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Finding Unsung Heroes of Cambodian arts

Phina So
June26/ 2019

I was so excited to get to visit Pailin province again after 20 years. This time I was on a mission, not a personal trip, to identify unsung heroes of Cambodian arts. Once identified as an unsung hero, he or she will be invited to attend the opening of the Arts4peace Festival in November in Phnom Penh.

After settled in my hotel, Boren, a local researcher who is responsible for Pailin, Battambang, and Banteay Meanchey province, arrived. We had a nice lunch at the hotel before jumping on Boren’s motorbike headed to an artist’s house right in front of the Provincial Department of Culture and Fine Arts. By 1 pm, we arrived. There we see a small cottage. It is about 3 meters by 6 or 7 meters where, KHONG Run, the artist, lives with his four young children and wife.

Boren, the local researcher with his motorbike in front of the Provincial Department of Culture and Fine Arts, Pailin.
A music instrument seen on a bed near where we interviewed Run.

There we saw a young man preparing to send three of his children to school. We waited for a while. Once back, he greeted us and asked us to sit in his little house. The cloud was so low and ready for downpour at any time. It provided us cool air without a fan though. Before starting the interview, I told him about the Arts for Peace Festival and the purpose of why we were there. He nodded with a frown expression on his face. The expression reminds me that I needed to speak slowly and make sure that he understands first before we proceed with our prepared questions. I told him that ‘Cambodian Living Arts is celebrating an Arts Festival called ‘Arts for Peace Festival’ in November with a purpose to recognise the contribution of three generations of artists who have been working so hard to revive the arts for Cambodia. And that the reason we were there is to interview and identify one unsung hero from Pailin province.’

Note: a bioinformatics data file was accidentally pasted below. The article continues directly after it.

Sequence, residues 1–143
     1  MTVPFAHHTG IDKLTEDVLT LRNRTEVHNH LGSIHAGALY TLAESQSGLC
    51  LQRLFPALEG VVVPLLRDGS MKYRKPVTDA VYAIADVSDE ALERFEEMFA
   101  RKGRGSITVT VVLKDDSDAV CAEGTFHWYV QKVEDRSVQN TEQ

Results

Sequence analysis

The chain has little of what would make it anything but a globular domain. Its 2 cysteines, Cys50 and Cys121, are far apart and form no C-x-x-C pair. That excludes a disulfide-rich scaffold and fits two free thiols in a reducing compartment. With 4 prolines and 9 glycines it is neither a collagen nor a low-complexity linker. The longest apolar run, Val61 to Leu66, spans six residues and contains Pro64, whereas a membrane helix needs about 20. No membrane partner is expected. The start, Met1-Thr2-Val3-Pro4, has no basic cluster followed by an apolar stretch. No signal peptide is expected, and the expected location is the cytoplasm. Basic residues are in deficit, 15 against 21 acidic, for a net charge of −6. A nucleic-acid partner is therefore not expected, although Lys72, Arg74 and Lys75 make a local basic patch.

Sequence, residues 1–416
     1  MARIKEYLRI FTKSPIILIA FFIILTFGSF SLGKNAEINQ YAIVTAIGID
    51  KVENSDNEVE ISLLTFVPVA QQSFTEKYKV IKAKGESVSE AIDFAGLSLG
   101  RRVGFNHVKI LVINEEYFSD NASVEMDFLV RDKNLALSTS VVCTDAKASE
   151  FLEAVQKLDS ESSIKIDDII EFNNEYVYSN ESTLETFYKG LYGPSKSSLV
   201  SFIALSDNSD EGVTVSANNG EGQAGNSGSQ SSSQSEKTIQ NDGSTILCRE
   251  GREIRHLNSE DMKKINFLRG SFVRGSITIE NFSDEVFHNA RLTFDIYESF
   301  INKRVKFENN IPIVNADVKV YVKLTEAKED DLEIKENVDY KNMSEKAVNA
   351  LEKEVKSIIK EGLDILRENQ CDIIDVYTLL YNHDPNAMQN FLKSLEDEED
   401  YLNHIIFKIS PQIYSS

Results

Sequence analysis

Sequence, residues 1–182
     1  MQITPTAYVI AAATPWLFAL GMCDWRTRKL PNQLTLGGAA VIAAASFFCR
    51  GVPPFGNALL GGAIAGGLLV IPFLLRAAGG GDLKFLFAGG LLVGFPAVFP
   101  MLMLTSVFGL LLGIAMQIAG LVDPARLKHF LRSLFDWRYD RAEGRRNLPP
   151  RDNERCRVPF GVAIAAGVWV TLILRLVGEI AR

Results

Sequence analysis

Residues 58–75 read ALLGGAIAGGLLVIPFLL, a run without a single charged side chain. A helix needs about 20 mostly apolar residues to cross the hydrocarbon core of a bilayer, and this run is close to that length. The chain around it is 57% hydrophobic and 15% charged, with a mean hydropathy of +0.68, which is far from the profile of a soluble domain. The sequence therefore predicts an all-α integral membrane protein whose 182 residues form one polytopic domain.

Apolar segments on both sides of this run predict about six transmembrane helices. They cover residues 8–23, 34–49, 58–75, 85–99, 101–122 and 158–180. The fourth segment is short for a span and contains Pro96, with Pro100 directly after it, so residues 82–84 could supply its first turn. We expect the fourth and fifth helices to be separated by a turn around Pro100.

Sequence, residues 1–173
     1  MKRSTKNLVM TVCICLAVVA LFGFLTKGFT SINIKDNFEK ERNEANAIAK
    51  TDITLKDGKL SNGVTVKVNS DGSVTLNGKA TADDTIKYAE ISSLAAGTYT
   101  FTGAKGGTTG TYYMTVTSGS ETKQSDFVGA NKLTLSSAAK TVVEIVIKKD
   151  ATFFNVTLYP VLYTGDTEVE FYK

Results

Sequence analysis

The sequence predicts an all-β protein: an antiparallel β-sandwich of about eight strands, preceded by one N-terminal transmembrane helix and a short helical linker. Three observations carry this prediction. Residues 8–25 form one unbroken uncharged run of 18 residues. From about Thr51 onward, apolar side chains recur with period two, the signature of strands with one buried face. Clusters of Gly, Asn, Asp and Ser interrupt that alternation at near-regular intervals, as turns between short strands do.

KHONG Run proudly showed us his note books which he has kept for more than 20 years. How impressive!!!

We thought our questions would take about an hour of his time. It ended up two hours. Half way through, when Run went inside to bring his note books to show us, I spoke to Boren that ‘I feel that he is the one!’ Boren at first was a bit unsure but he smiled at me as if he agreed with me already.

TOCH Boren and KHONG Run were holding various photos of Run’s artistic activities.

Run started his education at a Buddhist pagoda in either 1991 or 1992. Back then, Pailin was still under the control of the Khmer Rouge and had not a proper education yet. In 2000, at 8th grade, he quit school and registered himself with an arts group led by an arts teacher named HENG Vuthy under the management of the provincial Department of Culture and Fine Arts. After eight years, the teacher left Pailin town and resettled in Battambang province. Run explained that ‘the reason to join the troupe was due to the fact that his family was extremely poor. And that he thought joining the troupe would lift him up from poverty. He also mentioned that learning traditional dance with the teacher was really strict. He and other students needed to wake up since 5 am to practice fundamental postures, breakfast, national anthem, and then practice again. However, he expressed his thankfulness to the training that he has learned about patience, calm, and disciplines.